Keith Middlemas on the history of Ireland
- Ireland: Land of Troubles by Paul Johnson
Eyre Methuen, 224 pp, £6.95, October 1980, ISBN 0 413 47650 2
- Acts of Union by Anthony Bailey
Faber, 221 pp, £4.95, September 1980, ISBN 0 571 11648 5
- Neighbours by Conor Cruise O’Brien
Faber, 96 pp, £2.95, November 1980, ISBN 0 571 11645 0
- Ireland: A History by Robert Kee
Weidenfeld, 256 pp, £9.95, December 1980, ISBN 0 297 77855 2
An Englishman addressing himself to Irish history and contemporary politics ought always to bear in mind John Stuart Mill’s provocative remark, that it was not Ireland but England that was the exception: ‘Ireland is in the mainstream of human existence and human feeling and experience; it is England that is one of the lateral channels.’ Of the authors under discussion, the first is an Englishman who, in The Offshore Islanders, has anatomised just that lateral channel, the second an Anglo-American journalist, the third a leading Irish politician and writer of uniquely varied experience, and the last the broadcaster and historian reponsible for the current remarkable television series on Ireland. If they have a common theme, it is that Irish history is characterised by violence, ignorance, bigotry, and an obsession with a heroic past, and, though none makes European comparisons, their books suggest that it is the history of Sicily, the Basque country or Corsica which might illuminate Ireland’s long relationship with England.
Painstaking work since the 1950s by a broad range of scholars such as R.B. McDowell, Owen Dudley Edwards, F.S.L. Lyons and Patrick O’Farrell has profoundly altered our understanding: not only have ancient myths been invalidated, but the structure of a genuinely Irish history now exists, free from the Anglo-centric emphasis still common twenty years ago. Questions can be asked about an autonomous development of society and culture in what Maitland called ‘the long troughs and hollows’ between the troubles; about whether English rule at different epochs should be described, in colonial terms, as ‘overrule’, and compared with 20th-century Southern Africa, or as ‘attempted integration’, like French rule in Algeria. To what extent did Irish circumstances deflect British aims in, say, the vital decade of the 1790s, when modern notions of nationalism, republicanism and revolution seem firmly to have been implanted? Is the Irish obsession with the past a mere romantic consolation, or a practical method, as Johnson has emphasised elsewhere, of prescribing change by reference to an ancient, largely fictitious ‘golden age’ – De Valera’s method of enlisting the imagery of Cathleen ni Houlihan while establishing his narrow-minded, conservative mid-20th-century Republic?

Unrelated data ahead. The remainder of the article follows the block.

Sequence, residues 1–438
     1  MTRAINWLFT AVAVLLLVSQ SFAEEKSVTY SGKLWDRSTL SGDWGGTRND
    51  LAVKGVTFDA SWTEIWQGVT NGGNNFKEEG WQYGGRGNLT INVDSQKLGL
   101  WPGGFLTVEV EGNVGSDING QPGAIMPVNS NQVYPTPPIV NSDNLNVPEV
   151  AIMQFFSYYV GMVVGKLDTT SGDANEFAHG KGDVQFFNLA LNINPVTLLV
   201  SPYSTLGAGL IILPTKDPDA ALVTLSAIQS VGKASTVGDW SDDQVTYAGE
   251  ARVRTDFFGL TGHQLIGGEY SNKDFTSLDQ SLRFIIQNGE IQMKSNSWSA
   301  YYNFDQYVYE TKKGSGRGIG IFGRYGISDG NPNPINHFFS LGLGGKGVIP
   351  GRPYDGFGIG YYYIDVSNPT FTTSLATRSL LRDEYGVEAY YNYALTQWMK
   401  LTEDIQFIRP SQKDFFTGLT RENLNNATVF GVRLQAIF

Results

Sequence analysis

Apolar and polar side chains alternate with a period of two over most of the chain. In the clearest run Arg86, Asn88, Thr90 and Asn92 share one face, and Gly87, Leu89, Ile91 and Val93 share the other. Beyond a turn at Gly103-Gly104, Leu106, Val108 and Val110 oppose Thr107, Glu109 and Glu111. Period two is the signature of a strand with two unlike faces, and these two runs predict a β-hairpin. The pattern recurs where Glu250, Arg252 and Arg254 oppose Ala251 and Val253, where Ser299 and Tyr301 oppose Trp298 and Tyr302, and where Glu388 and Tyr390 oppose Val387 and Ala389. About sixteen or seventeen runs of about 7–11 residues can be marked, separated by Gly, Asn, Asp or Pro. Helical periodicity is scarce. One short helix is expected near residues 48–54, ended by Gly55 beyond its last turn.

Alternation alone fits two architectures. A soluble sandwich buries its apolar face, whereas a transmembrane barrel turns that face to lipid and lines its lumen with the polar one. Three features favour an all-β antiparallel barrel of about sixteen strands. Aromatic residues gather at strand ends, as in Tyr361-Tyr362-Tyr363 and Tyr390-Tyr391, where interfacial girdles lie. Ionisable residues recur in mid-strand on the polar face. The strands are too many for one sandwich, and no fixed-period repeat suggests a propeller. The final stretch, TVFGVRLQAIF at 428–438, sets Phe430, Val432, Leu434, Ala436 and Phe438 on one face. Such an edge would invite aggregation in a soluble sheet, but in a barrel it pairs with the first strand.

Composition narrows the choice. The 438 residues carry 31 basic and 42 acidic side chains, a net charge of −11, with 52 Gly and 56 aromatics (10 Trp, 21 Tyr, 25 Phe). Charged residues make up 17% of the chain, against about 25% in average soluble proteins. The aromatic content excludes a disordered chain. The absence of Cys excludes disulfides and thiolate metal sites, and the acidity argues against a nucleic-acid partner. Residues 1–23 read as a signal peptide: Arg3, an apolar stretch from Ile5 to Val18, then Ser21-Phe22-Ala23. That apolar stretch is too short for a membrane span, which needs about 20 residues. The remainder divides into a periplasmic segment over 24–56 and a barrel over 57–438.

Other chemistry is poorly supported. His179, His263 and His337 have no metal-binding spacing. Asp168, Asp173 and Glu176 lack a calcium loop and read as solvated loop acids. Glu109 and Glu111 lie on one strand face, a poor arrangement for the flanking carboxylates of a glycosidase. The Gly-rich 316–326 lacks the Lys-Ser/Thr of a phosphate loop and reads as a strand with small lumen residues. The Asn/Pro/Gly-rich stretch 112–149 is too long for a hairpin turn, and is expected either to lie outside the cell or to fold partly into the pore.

These books show how hard it is to focus on ‘crucial developments’ in Irish history, since the definition of what is crucial depends largely on the point of view taken. What weight, for example, should be given to English statesmen’s tangible fear of invasion, supported by an alien, ‘treacherous’ populace, from an island vulnerable, as England’s coastline never was, to Spaniards, French or, later, Germans? The problem of law and order clearly affected all 19th and 20th-century British governments, since failure to restrain murder, subversion or agrarian outrage was accounted weakness by an English electorate: yet the historian needs also to analyse a society in which, at a philosophical level, these acts received widespread Irish support. Then there is Mill’s question: should Irish culture, for all the fact that its literature is almost wholly in English, be analysed like that of Scotland, in European terms? More recently, how should history since the 1921 Treaty be written: as if England were still part of the Irish cosmos, an integral factor in a prolonged, and possibly insoluble, post-colonial schizophrenia?
Paul Johnson’s book is lively, well-informed and often provocative; his standpoint allows little space for nuances. His ‘crucial developments’ are the troubles themselves; the ‘shared experiences’ (one thinks of those thousands of Irishmen who volunteered for service in the British Army even after the Easter Rising in 1916) occur only at the end when he talks briefly of the book he has not written. Instead, invasion, rebellion and persecution wash down the centuries, lit up by vivid contemporary documents. It is good to be reminded that in 1609 Ulster was still ‘unknown ... as the most inland part of Virginia’, and that Spenser compared the Ireland he knew with England in the Dark Ages after Rome. Seen in this way, Irish history has a unity, almost a purpose.
Yet, as Johnson emphasises, Ireland’s problems were never central to English governments’ calculations for more than very short periods, and never more than dimly seen by an English electorate. Even for Gladstone’s Liberal colleagues (though not for him), and for Elizabeth I or Lloyd George, they were a costly and debilitating diversion from more important matters. But except in the late 18th century, Ireland denied its administrators, even full-time, well-meaning ones, the illusion that overrule would be acceptable if only it provided justice, prosperity and good government. Johnson’s book runs in two directions as a result: backwards, seeking a moment when the dream of lasting consensus seemed possible (the 1900s? the 1880s? the 1830s? the 1780s?), and forward, projecting this ancient dilemma onto the present day.